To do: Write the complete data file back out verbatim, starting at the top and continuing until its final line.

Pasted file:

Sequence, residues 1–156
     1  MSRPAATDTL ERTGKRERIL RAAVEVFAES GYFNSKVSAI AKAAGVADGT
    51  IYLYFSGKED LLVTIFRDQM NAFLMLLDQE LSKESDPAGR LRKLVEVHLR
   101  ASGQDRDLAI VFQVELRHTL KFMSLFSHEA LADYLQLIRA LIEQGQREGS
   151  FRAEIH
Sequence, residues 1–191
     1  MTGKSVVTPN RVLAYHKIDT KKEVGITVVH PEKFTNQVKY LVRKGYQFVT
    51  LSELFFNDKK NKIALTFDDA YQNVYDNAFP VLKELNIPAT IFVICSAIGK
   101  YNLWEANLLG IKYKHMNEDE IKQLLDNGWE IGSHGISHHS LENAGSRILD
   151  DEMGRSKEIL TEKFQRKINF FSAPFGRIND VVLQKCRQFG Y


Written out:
Sequence, residues 1–156
     1  MSRPAATDTL ERTGKRERIL RAAVEVFAES GYFNSKVSAI AKAAGVADGT
    51  IYLYFSGKED LLVTIFRDQM NAFLMLLDQE LSKESDPAGR LRKLVEVHLR
   101  ASGQDRDLAI VFQVELRHTL KFMSLFSHEA LADYLQLIRA LIEQGQREGS
   151  FRAEIH
Sequence, residues 1–191
     1  MTGKSVVTPN RVLAYHKIDT KKEVGITVVH PEKFTNQVKY LVRKGYQFVT
    51  LSELFFNDKK NKIALTFDDA YQNVYDNAFP VLKELNIPAT IFVICSAIGK
   101  YNLWEANLLG IKYKHMNEDE IKQLLDNGWE IGSHGISHHS LENAGSRILD
   151  DEMGRSKEIL TEKFQRKINF FSAPFGRIND VVLQKCRQFG Y